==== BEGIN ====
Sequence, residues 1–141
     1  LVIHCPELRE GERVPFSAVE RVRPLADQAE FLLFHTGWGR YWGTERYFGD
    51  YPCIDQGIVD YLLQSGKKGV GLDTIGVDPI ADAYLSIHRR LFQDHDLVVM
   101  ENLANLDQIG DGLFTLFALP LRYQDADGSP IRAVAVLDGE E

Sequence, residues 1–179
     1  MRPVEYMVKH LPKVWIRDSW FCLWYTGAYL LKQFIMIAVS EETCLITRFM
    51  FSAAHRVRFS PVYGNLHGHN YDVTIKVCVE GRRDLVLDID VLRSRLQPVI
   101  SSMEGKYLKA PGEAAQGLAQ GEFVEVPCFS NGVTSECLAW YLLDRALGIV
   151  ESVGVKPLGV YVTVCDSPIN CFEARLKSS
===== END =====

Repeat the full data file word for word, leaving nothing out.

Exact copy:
Sequence, residues 1–141
     1  LVIHCPELRE GERVPFSAVE RVRPLADQAE FLLFHTGWGR YWGTERYFGD
    51  YPCIDQGIVD YLLQSGKKGV GLDTIGVDPI ADAYLSIHRR LFQDHDLVVM
   101  ENLANLDQIG DGLFTLFALP LRYQDADGSP IRAVAVLDGE E

Sequence, residues 1–179
     1  MRPVEYMVKH LPKVWIRDSW FCLWYTGAYL LKQFIMIAVS EETCLITRFM
    51  FSAAHRVRFS PVYGNLHGHN YDVTIKVCVE GRRDLVLDID VLRSRLQPVI
   101  SSMEGKYLKA PGEAAQGLAQ GEFVEVPCFS NGVTSECLAW YLLDRALGIV
   151  ESVGVKPLGV YVTVCDSPIN CFEARLKSS